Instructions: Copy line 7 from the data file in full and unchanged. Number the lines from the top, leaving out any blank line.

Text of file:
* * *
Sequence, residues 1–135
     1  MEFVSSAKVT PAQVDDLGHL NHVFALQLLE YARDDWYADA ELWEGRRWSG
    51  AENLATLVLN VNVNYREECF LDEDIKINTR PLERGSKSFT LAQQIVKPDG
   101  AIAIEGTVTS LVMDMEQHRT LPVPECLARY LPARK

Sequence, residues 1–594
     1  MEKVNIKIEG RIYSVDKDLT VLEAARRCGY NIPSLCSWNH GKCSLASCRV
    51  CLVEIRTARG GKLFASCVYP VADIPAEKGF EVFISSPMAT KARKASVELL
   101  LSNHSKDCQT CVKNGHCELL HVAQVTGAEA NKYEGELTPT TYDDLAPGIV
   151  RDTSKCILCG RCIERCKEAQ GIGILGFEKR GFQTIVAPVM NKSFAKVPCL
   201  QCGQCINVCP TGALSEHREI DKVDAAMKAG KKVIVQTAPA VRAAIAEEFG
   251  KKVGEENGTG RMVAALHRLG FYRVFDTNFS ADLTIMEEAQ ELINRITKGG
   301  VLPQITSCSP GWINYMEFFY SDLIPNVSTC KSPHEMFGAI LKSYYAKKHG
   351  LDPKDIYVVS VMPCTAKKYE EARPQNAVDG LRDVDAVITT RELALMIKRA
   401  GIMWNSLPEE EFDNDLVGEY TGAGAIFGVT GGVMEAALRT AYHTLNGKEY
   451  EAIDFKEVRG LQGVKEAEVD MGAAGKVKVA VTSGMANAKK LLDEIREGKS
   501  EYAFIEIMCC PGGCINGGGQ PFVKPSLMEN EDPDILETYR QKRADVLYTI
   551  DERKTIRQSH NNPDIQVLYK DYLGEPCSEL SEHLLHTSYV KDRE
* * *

    51  CLVEIRTARG GKLFASCVYP VADIPAEKGF EVFISSPMAT KARKASVELL